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    1. gaddeswarup - Hello! I maintained the spelling from Sujatha's list exactly as she wrote it, but some of the titles are definitely misspelled as in the case of 'Akki Ramudu.' I'll cover this in Part 2, but Randor Guy notes" that Malaikkalan was also remade in Telugu (Aggi Ramudu), Malayalam, Kannada, Hindi (Azaad), and Sinhala. Thank you for the credits information! That's interesting that Muthuswami's name is not listed yet the dance is nearly the same as the one he did in Malaikallan! One thing I've wondered is if there were dance assistants who often did not get listed in the credits. Maybe in this case they brought Muthuswami on to help with the number but gave the full credit to someone else? Hmmm...

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    2. Minai,
      That it was made in several languages occurred to me only after I posted the comment. This kind of attribution of credits does not seem uncommon those days. Only those who study the whole sequence can have some idea of who was the main person. I noticed this frequently with music directors. Thanks for the clarification.

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    3. An Aside. Thanks to you, I saw one of those dances again and also a burrakatha. The tune in the song seems to be a folk tune and the singers Seeta, Anasuya are well known folk singers who contributed to other films too( I think that Anasuya claimed to have composed one of Malliswari tunes). I think Anasuya also wrote books on folk songs.

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    4. Maybe there were politics involved in credits it seems. I'm starting to question my assumption that because someone isn't listed, they weren't involved. Do you have a link to the burrakatha that you're referring to? I'd like to see it. :)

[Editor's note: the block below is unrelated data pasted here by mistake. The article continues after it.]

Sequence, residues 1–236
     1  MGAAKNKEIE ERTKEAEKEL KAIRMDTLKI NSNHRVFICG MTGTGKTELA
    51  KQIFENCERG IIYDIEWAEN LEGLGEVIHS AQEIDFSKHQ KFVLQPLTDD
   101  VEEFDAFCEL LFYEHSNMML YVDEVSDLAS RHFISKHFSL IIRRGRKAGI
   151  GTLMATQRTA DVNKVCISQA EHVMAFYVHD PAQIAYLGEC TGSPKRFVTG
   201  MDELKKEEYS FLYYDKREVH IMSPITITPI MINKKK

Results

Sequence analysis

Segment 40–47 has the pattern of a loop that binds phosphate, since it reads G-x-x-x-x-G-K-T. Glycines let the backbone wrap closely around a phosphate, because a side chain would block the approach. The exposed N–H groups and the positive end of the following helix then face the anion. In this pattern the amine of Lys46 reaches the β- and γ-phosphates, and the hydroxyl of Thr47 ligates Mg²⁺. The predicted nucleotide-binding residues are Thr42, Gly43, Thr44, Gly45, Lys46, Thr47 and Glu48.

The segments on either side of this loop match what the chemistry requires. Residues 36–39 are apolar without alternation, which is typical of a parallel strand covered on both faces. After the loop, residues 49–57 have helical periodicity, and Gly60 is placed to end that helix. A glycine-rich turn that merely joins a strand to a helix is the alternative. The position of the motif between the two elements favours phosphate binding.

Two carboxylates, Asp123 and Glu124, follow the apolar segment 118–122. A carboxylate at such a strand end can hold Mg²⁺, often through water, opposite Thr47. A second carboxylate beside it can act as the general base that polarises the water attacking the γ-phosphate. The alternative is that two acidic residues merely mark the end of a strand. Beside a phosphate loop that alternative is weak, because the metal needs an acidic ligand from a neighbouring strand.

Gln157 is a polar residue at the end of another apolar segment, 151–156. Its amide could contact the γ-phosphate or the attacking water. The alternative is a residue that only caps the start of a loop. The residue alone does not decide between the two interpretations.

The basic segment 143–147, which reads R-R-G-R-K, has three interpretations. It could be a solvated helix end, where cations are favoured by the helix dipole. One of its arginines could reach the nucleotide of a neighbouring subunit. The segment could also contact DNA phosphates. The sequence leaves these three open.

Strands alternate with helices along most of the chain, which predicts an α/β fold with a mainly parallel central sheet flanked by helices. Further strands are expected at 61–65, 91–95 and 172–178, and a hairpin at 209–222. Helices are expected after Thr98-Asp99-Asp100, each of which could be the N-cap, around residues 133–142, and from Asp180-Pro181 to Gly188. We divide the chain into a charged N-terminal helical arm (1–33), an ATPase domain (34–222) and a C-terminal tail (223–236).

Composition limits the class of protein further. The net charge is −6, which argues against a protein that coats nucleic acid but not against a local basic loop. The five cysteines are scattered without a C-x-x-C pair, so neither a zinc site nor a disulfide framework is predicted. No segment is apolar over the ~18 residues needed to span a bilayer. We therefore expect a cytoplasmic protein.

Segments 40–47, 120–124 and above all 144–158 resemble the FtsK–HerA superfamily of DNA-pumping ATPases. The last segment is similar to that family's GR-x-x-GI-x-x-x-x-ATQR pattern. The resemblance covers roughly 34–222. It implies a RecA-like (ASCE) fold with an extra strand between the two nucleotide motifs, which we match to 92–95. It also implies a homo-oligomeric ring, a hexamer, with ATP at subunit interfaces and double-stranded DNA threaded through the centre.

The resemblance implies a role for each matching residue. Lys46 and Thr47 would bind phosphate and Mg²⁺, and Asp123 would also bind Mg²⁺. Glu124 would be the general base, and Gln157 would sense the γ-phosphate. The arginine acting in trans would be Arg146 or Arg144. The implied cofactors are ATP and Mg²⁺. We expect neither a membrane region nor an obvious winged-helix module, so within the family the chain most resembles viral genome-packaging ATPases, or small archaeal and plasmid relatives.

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    5. Here it is. Nazar (spelled in various ways) was famous during my school days and 'burrakatha' was a common form of entertainment along with 'harikatha'. He was also a communist activist.
      https://www.youtube.com/watch?v=Buggi7YKU9A

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    6. I do not think that it was politics. My guess is that system of giving credits was not well formed. For the film Jayasimha first made in Telugu and Tamil, the MD was T.V. Raju. For the hindi version the tunes were the same but Ramesh Naidu was credied as MD. Perhaps because of his familiarity with the Hindi scene he might have helped organizing the Hindi songs. I think that Gemini Studios had Parthsarathi, Eamani Sankar Sastry, V. Sarala on their payroll. For some of the films remade in Hindi they were termed MDs even though they were not the MDs in the original Tamil films. I think that it was fairly arbitrary system of credits for some years except for the producers, directors and actors.

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  2. V S Muthuswami Pillai also was uniquely placed in history. Not only was he part of the change of Bharatanatyam from its more traditional roots, he was also guru to/ choreographed the best film dances of many of the the dancers who took bharatanatyam forward in the 40's and 50's.

    It is remarkable (probably because of his personal life and his private defeats in life) that people who write the history of dance treat him as less than (say) Balasaraswati..or Rukmini when it comes to the development of the art form.

    As I commented earlier, in your devadasi like dances post, the role of the "isai vellalars" (or the nattuvanars) in the coopting of Bharatanatyam by the upper castes has often been diminished in history. Maybe if Muthuswami Pillai had been more voluble about his art (instead of staying in the background, and trying to influence it), History might have been different for Bharatanatyam.